A5C8F82C-9AE9-4EA9-91C0-FC62FECEA74B.jpeg
38968CA4-FB3E-42AB-B140-9339DCBD8E2B.jpeg
F7315572-E591-4F0A-BF80-BF5096760A62.jpeg
2BD18AA3-4524-4386-B384-3F0144A03188.jpeg
7CE9ADCC-B9D0-408D-AC8D-DBCF433BD2C8.jpeg
E3106373-4662-472B-98BC-E31050B481B7.jpeg
User avatar
ritad
Legendary Virtual Ranger
Legendary Virtual Ranger
Posts: 66807
Joined: Mon Nov 19, 2012 8:03 pm
Location: Austria

Re: #didyouknow

Unread post by ritad »

Created by Tamara Brown

#DidYouKnow The lumbering but lethal - to small animals - southern ground hornbill (Bucorvus leadbeateri) has been on the South African endangered species list since 2014. There are numerous threats to its survival, the disappearance of the protection provided by the old belief that they were bringers of rain, loss of habitat (limited nest site availability) poisoning and electrocution are doing their destructive best with this species. This is exacerbated by the fact that they are very slow breeders, with some populations only raising one chick to maturity every 9 years or so. Their reproduction success is heavily influenced by their environment, rainfall, and the size of the group (number of non-breeding helpers to help co-operatively raise the young). Photo Credit:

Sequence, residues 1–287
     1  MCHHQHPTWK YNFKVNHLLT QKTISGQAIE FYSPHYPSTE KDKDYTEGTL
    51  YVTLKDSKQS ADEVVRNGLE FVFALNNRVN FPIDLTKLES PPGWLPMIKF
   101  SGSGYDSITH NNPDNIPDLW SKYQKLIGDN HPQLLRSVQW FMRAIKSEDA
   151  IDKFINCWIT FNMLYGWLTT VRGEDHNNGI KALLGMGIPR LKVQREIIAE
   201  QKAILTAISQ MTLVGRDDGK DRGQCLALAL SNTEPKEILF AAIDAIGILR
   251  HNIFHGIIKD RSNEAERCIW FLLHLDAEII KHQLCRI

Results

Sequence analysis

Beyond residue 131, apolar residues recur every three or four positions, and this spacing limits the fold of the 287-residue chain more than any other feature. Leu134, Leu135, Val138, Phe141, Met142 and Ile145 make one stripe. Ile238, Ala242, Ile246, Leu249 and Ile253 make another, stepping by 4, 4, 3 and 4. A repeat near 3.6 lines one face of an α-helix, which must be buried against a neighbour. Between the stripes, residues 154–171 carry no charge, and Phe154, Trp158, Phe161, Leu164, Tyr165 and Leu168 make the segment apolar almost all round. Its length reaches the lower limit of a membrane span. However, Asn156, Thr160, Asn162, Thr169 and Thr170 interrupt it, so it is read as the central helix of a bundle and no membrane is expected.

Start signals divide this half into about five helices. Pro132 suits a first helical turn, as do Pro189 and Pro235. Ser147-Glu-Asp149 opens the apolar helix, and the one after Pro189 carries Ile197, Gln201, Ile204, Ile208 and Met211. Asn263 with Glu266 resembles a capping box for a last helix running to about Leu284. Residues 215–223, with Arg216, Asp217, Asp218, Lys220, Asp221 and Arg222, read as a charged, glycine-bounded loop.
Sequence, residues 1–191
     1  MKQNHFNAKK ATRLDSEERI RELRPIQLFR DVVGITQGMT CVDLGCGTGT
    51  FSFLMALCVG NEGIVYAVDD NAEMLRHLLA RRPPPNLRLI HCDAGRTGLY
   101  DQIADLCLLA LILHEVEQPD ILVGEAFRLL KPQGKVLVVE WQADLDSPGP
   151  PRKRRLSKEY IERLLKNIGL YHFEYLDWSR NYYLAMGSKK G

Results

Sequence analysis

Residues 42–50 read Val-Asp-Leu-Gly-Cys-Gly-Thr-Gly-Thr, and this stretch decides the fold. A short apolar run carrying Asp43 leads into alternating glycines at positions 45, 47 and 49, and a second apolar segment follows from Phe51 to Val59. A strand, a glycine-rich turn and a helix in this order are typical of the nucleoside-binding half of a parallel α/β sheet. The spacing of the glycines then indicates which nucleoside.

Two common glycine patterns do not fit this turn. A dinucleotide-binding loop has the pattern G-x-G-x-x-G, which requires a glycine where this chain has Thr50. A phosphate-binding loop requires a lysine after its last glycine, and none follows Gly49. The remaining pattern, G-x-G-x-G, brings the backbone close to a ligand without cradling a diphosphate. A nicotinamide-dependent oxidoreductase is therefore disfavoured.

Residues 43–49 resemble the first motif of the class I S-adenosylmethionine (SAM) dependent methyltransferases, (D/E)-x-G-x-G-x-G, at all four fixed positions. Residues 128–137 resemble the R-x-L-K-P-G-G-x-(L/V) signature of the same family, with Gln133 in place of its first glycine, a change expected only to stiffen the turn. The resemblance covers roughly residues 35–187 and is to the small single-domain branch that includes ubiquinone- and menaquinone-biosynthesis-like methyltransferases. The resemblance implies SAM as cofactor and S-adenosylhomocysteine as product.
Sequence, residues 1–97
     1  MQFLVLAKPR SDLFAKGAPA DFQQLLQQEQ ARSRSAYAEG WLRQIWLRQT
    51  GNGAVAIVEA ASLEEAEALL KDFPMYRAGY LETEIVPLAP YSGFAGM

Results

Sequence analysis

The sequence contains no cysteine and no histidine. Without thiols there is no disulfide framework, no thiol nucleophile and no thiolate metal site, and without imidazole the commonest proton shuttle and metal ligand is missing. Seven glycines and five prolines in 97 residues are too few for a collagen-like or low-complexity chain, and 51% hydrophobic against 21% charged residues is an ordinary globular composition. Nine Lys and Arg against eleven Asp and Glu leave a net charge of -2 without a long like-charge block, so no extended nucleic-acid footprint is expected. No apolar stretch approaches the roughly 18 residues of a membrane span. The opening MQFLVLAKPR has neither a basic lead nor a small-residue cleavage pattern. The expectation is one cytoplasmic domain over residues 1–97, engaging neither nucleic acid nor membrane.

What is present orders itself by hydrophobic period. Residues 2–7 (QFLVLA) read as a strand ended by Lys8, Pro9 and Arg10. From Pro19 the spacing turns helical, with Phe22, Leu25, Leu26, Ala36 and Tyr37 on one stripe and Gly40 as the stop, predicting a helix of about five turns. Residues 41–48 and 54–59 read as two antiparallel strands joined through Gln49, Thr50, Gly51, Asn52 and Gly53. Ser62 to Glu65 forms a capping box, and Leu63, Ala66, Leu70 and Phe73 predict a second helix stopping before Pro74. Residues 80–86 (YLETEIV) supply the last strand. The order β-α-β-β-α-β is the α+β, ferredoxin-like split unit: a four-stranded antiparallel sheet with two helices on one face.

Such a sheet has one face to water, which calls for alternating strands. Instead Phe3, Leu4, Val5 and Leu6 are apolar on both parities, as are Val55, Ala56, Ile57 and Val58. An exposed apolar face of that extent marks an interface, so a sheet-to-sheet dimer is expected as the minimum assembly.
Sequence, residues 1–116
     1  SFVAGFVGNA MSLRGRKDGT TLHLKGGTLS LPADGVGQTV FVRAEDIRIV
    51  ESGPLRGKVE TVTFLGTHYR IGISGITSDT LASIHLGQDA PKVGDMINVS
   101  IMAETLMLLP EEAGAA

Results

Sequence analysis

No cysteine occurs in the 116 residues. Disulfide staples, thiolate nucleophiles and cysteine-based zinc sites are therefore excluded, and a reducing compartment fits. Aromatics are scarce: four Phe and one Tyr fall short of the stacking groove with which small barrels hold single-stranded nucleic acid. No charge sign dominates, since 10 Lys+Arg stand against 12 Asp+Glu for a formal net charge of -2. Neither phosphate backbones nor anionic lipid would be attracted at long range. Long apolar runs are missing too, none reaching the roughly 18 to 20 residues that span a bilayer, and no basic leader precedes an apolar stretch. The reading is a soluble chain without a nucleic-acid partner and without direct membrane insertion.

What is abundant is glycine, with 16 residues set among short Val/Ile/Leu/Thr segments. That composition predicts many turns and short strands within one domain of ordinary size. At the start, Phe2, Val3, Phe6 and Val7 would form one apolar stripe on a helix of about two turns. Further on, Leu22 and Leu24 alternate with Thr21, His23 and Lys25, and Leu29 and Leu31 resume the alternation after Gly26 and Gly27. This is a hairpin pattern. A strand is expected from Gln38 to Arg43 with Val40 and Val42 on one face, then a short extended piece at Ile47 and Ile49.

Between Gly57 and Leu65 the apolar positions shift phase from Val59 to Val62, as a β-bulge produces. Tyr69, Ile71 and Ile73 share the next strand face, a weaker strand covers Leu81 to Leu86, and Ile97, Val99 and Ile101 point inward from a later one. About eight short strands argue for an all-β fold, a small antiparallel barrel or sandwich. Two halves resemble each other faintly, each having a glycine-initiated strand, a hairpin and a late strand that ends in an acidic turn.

(Information sourced from: Carstens, K., Kassanjee, R., Little, R., Ryna, P., Hockey, P. (2019). Breeding success and population growth of Southern Ground Hornbills Bucorvus leadbeateri in an area supplemented with nest-boxes. Bird Conservation International; Cambridge Vol. 29, Iss. 4, (Dec 2019): 627-643. DOI:10.1017/S0959270919000108; Koeppel, K.N. & Kemp, L.V. (2015). Lead Toxicosis in a Southern Ground Hornbill Bucorvus leadbeateri in South Africa, Journal of Avian Medicine and Surgery, 29(4):340-344 (2015). https://doi.org/10.1647/2014-037; Wilson, G. & Hockey, P.A.R. (2013). Causes of variable reproductive performance by Southern Ground-hornbill Bucorvus leadbeateri and implications for management. International Journal of Avian Science, https://doi-org.salford.idm.oclc.org/10.1111/ibi.12042; APNR Southern Ground-Hornbill Research & Conservation Project (apnrgroundhornbillproject.com); Toronto Zoo | Animals; Southern ground-hornbill, facts and photos (nationalgeographic.com))
A22FCB5A-4671-46E2-BAE8-5835AF022041.jpeg
User avatar
ritad
Legendary Virtual Ranger
Legendary Virtual Ranger
Posts: 66807
Joined: Mon Nov 19, 2012 8:03 pm
Location: Austria

Re: #didyouknow

Unread post by ritad »

Created by Mark Flint

#DidYouKnow
You have a 4x4 and would love to use it a little more for what it was designed. Why not try a “wilderness experience on wheels”